Acupressure and Fatigue

Could acupressure really be a treatment for MS fatigue? #MSResearch #MSBlog

“The study below suggests acupressure is a treatment for MS-related fatigue. Is the data acceptable? Although this is a controlled randomised trial it is not well blinded. It compares simply touching specific acupressure sites compared to actually delivering acupressure at these sites. I am sure MSers can tell the difference between touch and acupressure. The latter may result in MSers receiving actual acupressure reporting a reduction in their fatigue. What this study highlights is the difficulty of doing controlled trials of acupressure. May be we need to do functional MRI to see how the brain responds to this treatment and if it differs to the touch control. It is a pity we can’t quantify the percept of fatigue on MRI; if we could we may be able to test anti-fatigue treatments using functional MRI. Functional MRI is a tool that tells us how the brain responds to certain situations. Interestingly, functional MRI is beginning to enter the pain field for proof of concept studies looking at anti-pain interventions. If only.”

“Do any of you have any experience with acupressure as a treatment for fatigue?”

Bastani et al. Effect of acupressure on fatigue in women with multiple sclerosis. Glob J Health Sci. 2015 Jan 26;7(4):42021. doi: 10.5539/gjhs.v7n4p375.

INTRODUCTION: Multiple sclerosis (MS) is the most common cause of progressive neurological disability. The prevalence of MS is much more common in women than men. The women are exposed to a variety of symptoms including fatigue. Acupressure is a noninvasive procedure that can be used to control symptoms including fatigue. 

AIM: The aim of the study was to evaluate the effect of acupressure on fatigue in women with multiple sclerosis.

METHODS: A randomized clinical trial was conducted on 100 women with MS at Tehran MS Association. The subjects were equally allocated to experimental group and a placebo group (50 women per group) by blocking randomization method. The experimental group were received acupressure, at the true points (ST36, SP6, LI4) and the placebo group, were received touching at the same points. Fatigue was measured by a Fatigue Severity Scale (FSS) in the groups at immediately prior to, two and four weeks after the beginning of the intervention. The data was analyzed using descriptive and inferential statistics by SPSS version 17.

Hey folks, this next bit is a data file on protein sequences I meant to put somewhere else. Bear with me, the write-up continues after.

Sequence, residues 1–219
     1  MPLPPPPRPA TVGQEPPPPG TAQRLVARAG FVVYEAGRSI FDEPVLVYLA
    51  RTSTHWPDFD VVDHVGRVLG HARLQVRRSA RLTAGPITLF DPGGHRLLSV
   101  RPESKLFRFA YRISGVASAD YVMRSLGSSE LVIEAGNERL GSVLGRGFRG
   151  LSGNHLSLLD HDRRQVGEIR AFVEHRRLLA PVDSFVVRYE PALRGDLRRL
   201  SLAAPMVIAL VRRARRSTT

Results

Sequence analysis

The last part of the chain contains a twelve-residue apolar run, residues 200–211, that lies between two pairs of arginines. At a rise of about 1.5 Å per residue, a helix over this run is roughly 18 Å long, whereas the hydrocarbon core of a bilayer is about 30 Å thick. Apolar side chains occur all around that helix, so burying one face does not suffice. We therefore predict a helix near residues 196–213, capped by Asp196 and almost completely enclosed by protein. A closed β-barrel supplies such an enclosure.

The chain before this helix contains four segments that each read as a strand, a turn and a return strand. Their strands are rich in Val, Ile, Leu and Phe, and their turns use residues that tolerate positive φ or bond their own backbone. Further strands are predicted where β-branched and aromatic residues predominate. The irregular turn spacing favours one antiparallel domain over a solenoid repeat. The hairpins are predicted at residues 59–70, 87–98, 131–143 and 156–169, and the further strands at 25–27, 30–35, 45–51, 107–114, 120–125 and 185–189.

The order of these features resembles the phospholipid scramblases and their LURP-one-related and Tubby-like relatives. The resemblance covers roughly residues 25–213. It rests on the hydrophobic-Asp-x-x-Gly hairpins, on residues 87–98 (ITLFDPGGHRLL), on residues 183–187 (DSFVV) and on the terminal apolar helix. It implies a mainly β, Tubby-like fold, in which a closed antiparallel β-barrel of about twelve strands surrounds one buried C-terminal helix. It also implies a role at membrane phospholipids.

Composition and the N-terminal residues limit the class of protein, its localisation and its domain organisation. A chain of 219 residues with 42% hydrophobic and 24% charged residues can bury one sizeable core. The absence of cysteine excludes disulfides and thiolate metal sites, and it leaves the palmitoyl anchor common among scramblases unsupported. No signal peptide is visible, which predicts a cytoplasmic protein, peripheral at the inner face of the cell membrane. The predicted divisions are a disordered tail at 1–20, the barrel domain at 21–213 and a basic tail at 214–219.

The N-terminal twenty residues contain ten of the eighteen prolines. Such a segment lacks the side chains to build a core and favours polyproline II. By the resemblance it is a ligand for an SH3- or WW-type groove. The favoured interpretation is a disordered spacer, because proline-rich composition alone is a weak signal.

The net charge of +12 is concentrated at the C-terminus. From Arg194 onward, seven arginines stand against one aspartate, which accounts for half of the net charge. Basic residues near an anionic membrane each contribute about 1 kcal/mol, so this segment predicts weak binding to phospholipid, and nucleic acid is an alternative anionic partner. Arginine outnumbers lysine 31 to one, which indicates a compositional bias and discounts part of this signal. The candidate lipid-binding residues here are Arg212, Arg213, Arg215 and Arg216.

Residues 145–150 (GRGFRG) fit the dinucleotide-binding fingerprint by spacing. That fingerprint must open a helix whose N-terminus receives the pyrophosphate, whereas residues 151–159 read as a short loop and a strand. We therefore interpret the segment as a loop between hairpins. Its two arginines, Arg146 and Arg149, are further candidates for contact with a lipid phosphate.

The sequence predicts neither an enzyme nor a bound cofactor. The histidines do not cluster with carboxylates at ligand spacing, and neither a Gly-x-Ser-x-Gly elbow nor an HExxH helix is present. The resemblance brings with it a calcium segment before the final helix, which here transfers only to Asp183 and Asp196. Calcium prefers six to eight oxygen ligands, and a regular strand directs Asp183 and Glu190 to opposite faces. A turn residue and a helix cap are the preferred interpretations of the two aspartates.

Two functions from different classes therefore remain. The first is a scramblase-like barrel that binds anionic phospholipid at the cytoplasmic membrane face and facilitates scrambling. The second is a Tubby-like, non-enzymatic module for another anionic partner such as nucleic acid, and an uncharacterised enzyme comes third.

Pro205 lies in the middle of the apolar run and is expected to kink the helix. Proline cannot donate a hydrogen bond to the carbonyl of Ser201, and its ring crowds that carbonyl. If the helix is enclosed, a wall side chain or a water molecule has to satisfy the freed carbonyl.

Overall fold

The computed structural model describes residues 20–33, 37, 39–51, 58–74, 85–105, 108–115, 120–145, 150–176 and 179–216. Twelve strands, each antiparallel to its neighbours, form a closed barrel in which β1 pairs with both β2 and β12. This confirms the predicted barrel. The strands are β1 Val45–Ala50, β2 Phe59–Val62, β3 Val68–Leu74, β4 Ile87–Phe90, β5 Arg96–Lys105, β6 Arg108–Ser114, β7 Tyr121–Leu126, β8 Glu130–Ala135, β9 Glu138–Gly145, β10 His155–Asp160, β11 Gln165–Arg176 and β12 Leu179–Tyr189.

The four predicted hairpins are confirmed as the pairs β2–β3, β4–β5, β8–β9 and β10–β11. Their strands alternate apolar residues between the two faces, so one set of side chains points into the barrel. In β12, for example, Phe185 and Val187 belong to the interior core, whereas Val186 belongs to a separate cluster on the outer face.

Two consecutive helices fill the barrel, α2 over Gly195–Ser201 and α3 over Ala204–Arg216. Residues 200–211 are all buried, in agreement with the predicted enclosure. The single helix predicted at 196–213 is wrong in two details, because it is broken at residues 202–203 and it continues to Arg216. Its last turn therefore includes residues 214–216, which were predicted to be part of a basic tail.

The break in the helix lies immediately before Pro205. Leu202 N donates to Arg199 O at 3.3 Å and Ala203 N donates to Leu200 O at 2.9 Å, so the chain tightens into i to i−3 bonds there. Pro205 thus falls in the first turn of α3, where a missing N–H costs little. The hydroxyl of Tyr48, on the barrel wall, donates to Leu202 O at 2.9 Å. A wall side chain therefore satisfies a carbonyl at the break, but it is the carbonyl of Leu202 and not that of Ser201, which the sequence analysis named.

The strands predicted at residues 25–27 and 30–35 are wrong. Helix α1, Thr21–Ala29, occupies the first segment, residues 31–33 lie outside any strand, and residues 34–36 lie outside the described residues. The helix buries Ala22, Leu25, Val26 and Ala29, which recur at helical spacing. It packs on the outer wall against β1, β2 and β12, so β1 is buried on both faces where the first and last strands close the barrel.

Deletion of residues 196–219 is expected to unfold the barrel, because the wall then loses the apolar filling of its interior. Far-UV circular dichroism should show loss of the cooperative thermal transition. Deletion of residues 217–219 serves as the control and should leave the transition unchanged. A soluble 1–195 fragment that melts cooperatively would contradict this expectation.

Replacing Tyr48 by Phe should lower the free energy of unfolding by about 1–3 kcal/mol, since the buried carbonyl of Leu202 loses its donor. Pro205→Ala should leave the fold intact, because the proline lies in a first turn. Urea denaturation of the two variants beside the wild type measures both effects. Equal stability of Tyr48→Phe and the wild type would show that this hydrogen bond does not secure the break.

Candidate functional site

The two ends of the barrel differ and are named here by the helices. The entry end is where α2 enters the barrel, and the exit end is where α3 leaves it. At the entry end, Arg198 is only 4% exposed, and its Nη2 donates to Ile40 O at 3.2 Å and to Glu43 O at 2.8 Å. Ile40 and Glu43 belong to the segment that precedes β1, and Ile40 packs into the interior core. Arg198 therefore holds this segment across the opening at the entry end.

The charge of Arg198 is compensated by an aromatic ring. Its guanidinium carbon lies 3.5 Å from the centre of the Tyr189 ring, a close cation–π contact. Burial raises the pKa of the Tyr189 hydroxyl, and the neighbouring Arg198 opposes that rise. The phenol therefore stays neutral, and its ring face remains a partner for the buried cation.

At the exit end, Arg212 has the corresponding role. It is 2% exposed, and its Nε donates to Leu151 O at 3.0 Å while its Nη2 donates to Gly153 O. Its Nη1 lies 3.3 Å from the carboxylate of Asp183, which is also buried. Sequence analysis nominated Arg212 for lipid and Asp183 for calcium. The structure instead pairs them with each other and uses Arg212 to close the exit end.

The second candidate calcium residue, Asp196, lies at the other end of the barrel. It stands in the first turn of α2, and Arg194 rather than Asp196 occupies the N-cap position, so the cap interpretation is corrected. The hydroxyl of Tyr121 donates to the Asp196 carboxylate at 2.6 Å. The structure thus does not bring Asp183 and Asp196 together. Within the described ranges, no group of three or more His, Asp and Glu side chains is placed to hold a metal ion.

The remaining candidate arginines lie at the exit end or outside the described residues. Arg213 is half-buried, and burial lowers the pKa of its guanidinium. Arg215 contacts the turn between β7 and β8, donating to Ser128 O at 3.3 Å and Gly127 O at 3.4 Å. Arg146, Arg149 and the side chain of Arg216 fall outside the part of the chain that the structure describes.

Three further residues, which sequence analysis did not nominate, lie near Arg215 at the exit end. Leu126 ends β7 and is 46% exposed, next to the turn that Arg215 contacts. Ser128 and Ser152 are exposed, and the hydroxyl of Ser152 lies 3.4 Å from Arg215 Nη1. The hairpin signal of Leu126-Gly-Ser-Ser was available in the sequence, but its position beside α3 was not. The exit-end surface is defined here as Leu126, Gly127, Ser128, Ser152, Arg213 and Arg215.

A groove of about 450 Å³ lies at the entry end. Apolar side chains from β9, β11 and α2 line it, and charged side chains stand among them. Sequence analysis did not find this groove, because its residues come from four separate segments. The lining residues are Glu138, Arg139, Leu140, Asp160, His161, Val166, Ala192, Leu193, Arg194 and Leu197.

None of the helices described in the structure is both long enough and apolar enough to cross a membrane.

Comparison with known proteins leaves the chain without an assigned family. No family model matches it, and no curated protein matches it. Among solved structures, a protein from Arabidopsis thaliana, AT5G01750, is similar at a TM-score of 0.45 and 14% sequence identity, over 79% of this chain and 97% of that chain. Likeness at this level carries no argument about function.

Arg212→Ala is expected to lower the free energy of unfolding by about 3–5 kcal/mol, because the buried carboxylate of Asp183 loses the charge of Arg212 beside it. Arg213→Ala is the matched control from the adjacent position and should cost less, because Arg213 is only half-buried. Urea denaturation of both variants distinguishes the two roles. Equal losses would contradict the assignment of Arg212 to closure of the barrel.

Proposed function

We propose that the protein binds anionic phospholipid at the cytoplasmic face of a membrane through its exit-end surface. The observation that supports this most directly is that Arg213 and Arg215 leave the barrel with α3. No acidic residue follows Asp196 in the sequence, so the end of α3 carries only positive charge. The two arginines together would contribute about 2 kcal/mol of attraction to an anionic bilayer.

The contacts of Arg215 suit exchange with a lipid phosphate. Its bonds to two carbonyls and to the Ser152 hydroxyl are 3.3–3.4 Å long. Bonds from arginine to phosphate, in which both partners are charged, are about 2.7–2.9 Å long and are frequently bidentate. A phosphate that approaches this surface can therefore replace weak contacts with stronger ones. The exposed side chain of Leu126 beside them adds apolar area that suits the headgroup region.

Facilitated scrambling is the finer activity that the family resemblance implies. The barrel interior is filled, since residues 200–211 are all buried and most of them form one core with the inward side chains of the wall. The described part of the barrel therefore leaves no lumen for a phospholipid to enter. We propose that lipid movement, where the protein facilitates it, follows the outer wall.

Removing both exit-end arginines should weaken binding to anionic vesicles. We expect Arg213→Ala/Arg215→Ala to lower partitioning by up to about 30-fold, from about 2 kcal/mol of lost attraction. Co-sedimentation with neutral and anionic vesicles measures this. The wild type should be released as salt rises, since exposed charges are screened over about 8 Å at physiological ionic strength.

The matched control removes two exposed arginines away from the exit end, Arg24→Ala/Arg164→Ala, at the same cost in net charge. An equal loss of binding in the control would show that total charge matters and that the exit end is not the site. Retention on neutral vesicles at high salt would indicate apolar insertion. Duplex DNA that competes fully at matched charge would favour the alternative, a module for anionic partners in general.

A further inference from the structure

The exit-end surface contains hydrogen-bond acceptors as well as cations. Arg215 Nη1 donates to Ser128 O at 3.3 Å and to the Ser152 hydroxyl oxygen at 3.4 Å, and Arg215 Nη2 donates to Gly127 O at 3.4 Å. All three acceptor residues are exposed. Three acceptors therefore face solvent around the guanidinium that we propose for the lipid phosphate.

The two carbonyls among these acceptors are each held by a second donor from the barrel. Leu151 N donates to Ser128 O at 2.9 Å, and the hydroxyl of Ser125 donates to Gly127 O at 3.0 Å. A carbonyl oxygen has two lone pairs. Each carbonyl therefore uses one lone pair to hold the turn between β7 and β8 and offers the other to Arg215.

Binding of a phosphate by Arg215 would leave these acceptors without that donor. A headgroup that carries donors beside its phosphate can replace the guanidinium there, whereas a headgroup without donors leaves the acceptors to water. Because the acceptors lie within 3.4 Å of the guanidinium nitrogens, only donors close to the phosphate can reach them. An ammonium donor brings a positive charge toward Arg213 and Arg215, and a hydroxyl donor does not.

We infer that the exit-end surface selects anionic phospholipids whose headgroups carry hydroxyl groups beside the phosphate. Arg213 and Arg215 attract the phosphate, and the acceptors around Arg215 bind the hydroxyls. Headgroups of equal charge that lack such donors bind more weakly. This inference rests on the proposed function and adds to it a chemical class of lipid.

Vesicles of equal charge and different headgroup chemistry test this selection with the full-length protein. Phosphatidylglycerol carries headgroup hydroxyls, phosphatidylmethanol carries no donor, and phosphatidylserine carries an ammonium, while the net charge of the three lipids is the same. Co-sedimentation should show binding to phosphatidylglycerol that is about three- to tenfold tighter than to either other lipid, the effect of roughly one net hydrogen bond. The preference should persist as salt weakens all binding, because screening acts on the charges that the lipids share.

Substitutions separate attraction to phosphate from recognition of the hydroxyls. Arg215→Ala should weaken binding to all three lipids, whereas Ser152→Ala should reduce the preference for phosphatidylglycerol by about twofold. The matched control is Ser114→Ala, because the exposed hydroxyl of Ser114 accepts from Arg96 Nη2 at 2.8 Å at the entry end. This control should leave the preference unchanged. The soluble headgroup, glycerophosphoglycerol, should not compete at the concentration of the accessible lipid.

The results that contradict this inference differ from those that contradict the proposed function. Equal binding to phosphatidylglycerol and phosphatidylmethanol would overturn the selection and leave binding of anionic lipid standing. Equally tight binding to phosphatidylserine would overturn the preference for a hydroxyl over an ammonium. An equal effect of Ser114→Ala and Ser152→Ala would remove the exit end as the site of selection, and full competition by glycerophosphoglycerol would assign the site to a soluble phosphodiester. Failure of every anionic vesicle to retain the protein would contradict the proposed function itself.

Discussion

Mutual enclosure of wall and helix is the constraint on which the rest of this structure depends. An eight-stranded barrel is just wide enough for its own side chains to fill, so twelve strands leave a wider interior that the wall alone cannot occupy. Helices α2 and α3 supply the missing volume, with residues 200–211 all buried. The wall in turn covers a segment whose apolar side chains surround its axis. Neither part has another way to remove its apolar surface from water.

RESULTS: The findings indicated no differences in demographic characteristics and the severity of fatigue at the baseline in two groups (p=0.54). But there were significant reductions of the mean score of fatigue in the experimental group compared to the placebo group immediately, two and four weeks after the intervention respectively (p=0.03, p=0.04).

CONCLUSION: According to the findings, the study provided an alternative method for health care providers including nurses to train acupressure to the clients with MS to managing their fatigue.

5 thoughts on “Acupressure and Fatigue”

  1. I have had accupuncture for circa six months and can't say that it made a big difference – it was at the start of my MS so fatigue was not a big issue either but still would be sceptical and personally wouldn't do & pay for it a second time.

  2. I notice that this study is from Tehran. Is Iran another one of those geographic anomalies, a place where you wouldn't expect there to be a lot of MS but there is? I know that Palestine is another. Just curious.

  3. I use the services of both acupuncture and massage to keep me going. The massage therapist almost exclusively uses acupressure, and they are both conscious of not over-stimulating my nervous system with the needles or touch. I always feel so much better for a week or so after massage, but that day I am so relaxed, I often fall asleep on the massage table. I hadn’t thought of the fatigue improvement – I’ll pay closer attention when I see her next week.

  4. Yes, regularly – both acupressure and acupuncture – mainly for pain management. In my experience, acupressure (done in Tui an massage) is quite subtle in comparison to acupuncture, but I do feel an improvement in energy. Possibly placebo but who cares, it helps me feel better in terms of energy and overall well-being.

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